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realclearworld

The Pacific: a post-mortem

Many years ago, when my wife was still in the banking biz, she had a colleague who we became friendly with. He was a World War II veteran, a Jew who fought in the ETO. He told us some harrowing stories. The line I'll always remember, though, was that as bad as he and buddies had it, during the Bulge, the final push for liberation, among the campaigns he fought in, he gave thanks to the Almighty he wasn't sent to fight in the Pacific.

Our good bud Maggie at Infidels Paradise. has written a superb review of HBO's series The Pacific that ended last night on HBO. A lot of the thoughts I had while watching the ten parts are covered in her piece. Let me add that I think this series could have been a lot better had it not been for a lot of post-modernist PC mumbo-jumbo the writers decided to add. I've just started Eugene Sledge's book, With the Old Breed at Peleliu and Okinawa, so I can decide how far the writers really went astray.

Much has been and is being written about HBO’s current WWII endeavor. Some in praise, some in condemnation, and others in disappointment.

Tonight is the last episode of HBO’s mini series “The Pacific”, following the experiences of several Marines in the PTO during WWII. Their brutal battles as the US Marines went from small, unknown island to island on somewhat of a steppingstone mission to reach the goal of either forcing the Japanese Empire to surrender, or defeating them by outlasting the horrific conditions and deadly battles of the islands war.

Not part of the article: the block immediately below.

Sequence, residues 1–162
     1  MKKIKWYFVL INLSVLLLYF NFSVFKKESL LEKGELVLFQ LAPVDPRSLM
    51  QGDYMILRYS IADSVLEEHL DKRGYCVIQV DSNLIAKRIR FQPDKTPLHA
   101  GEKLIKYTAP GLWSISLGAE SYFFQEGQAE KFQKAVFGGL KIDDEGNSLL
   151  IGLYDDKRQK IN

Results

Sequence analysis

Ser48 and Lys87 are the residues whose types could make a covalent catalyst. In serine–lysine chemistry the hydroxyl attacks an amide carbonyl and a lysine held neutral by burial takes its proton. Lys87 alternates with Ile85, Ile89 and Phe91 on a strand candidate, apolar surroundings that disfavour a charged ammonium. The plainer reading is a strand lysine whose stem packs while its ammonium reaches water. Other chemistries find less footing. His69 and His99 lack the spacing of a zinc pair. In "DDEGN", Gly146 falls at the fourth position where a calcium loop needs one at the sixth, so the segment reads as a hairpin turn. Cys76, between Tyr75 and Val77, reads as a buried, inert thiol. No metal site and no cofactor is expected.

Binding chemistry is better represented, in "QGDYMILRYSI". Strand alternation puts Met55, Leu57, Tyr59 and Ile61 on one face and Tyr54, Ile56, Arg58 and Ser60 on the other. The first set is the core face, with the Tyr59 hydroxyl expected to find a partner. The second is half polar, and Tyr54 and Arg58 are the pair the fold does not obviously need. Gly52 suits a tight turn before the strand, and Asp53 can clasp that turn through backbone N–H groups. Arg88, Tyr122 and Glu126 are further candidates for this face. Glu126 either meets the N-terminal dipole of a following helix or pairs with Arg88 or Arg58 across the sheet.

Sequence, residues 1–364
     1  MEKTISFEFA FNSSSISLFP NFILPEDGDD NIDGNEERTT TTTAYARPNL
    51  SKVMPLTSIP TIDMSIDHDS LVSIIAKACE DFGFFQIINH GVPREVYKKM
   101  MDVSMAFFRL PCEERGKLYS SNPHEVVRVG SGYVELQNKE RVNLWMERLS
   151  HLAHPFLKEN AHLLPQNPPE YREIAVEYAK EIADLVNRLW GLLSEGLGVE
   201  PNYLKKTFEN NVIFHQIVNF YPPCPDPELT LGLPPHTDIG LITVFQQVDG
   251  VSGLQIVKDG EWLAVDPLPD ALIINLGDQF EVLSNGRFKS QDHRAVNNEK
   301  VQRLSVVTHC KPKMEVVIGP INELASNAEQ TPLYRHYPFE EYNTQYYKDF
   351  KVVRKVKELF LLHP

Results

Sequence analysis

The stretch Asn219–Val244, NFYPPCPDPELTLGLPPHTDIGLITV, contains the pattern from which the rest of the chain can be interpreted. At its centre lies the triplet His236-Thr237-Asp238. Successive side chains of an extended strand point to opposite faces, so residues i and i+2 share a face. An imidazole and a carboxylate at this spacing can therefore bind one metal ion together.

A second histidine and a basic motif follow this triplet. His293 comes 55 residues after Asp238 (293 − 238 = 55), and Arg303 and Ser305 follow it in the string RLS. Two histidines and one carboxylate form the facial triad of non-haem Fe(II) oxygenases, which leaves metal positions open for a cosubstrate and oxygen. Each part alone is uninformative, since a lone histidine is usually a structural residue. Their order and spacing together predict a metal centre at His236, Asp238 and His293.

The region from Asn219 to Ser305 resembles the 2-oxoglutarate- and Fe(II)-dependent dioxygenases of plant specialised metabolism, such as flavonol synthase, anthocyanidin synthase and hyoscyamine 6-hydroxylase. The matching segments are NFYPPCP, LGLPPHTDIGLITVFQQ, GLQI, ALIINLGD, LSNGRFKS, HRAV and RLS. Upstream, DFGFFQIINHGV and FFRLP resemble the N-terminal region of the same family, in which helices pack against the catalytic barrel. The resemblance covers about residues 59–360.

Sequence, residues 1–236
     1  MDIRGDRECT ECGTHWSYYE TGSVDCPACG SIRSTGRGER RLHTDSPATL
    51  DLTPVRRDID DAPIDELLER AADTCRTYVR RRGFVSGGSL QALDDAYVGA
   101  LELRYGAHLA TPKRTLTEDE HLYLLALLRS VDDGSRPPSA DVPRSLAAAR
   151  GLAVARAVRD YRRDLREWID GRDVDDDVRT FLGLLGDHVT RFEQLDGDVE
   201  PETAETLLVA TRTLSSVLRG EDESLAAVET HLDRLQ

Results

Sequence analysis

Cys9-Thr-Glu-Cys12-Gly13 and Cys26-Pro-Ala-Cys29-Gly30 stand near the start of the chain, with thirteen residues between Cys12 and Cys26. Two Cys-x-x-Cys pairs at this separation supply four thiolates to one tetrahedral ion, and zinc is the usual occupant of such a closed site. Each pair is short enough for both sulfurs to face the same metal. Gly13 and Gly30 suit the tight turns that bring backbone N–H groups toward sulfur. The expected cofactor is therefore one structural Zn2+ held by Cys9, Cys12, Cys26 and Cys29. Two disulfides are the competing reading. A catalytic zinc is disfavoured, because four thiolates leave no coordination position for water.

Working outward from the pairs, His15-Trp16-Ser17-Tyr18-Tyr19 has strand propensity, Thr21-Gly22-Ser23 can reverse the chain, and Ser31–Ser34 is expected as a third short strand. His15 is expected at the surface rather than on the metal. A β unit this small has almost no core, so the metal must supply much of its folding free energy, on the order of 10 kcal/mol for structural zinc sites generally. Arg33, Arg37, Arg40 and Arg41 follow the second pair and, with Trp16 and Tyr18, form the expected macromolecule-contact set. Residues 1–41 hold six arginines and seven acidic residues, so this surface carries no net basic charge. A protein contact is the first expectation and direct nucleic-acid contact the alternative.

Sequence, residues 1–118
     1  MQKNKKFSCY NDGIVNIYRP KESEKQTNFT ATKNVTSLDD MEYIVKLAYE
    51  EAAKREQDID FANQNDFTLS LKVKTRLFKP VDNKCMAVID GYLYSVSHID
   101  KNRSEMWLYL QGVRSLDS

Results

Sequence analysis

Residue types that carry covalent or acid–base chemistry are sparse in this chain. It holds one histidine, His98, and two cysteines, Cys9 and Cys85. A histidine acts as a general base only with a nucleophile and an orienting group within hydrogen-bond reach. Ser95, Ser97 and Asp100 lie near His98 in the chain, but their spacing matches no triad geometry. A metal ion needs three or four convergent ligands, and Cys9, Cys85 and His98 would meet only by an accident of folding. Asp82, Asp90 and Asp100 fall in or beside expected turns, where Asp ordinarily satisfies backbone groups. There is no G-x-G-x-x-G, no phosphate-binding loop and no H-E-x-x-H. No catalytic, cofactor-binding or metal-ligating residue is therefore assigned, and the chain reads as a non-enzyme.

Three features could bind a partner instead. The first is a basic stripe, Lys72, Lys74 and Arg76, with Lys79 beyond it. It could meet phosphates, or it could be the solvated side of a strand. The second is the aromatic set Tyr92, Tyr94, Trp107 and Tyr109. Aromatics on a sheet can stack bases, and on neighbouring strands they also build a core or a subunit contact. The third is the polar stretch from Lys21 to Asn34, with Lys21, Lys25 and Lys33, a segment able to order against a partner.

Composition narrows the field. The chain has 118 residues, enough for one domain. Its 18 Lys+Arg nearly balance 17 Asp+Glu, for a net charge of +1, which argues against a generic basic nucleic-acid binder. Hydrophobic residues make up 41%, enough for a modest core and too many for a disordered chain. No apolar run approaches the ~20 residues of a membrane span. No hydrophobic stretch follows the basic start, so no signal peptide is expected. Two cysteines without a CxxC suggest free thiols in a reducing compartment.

Those of us who are huge fans of the first HBO series, Band of Brothers (BoB), have been of two separate thought processes of this current mini series. Those who have approached “The Pacific” on its own and understand fully the complete difference between the PTO and the ETO in WWII … and those of us who can’t help but use Band of Brothers as the “gold standard” by which to measure The Pacific. I am guilty of such, and have adjusted my thinking as I re-watch each episode to measure it on its own merit. Realizing the stark differences between the two theaters of operation was not hard to recognize and acknowledge.

4 comments to The Pacific: a post-mortem

  • jsb

    "...could have been a lot better had it not been for a lot of post-modernist PC mumbo-jumbo the writers decided to add."

    Indeed.

  • Band of Brothers was based on a book by Stephen Ambrose, a brilliant historian. The Pacific, however, was based on a two books written by soldiers who were there and a compilation, I believe, written by Hugh Ambrose, Stephen Ambrose's son.

    In my humble opinion, the difference between these two screen adaptations is the books they're based on.

    • I'm reading Sledge's memoir and am at the part after graduation from boot camp. Nowhere yet have I read the "heart murmur" incident portrayed in Episode 1. That doesn't mean it's not true, just that Sledge's book doesn't even touch on it.

      Although the source material may be part of the problem, the series as a whole just felt forced to me and too rushed. The scriptwriters are to blame. They spent three episodes on Peleliu -- a major battle, no doubt -- and then spent hardly any time on the two most important battles the USMC fought in the Pacific: Iwo Jima and Okinawa. Then, throughout all the episodes they were hammering the "racist" point over and over and over again. It got real old real fast. I've read a lot of books on WW2 history and this is the first time the "Jap" race issue has been so relentlessly put forward. What these filmmakers forgot is that their industry, Hollywood, demonized the Japanese a lot during the war years. All you have to do is watch a few movies that take place in the Pacific or CBI theaters to see the stereotypes running amok.

      Physicians heal thyselves...